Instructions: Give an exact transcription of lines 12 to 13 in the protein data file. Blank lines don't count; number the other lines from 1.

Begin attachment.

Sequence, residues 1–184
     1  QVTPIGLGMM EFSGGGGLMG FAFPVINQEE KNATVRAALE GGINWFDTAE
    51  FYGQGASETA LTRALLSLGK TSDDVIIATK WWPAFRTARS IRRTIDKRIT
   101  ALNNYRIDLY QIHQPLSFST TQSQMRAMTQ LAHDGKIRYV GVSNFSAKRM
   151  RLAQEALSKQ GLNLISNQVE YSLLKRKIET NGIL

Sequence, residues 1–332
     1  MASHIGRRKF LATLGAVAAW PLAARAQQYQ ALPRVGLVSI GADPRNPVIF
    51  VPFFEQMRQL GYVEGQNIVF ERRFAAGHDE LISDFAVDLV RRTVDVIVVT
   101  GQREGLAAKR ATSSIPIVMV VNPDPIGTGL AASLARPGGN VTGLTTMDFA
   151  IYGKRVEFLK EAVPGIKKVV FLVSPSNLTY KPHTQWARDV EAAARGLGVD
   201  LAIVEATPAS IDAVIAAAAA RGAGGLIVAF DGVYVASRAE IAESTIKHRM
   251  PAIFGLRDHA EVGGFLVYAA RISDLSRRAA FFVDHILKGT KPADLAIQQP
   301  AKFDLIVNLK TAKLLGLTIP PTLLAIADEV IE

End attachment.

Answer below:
   251  PAIFGLRDHA EVGGFLVYAA RISDLSRRAA FFVDHILKGT KPADLAIQQP
   301  AKFDLIVNLK TAKLLGLTIP PTLLAIADEV IE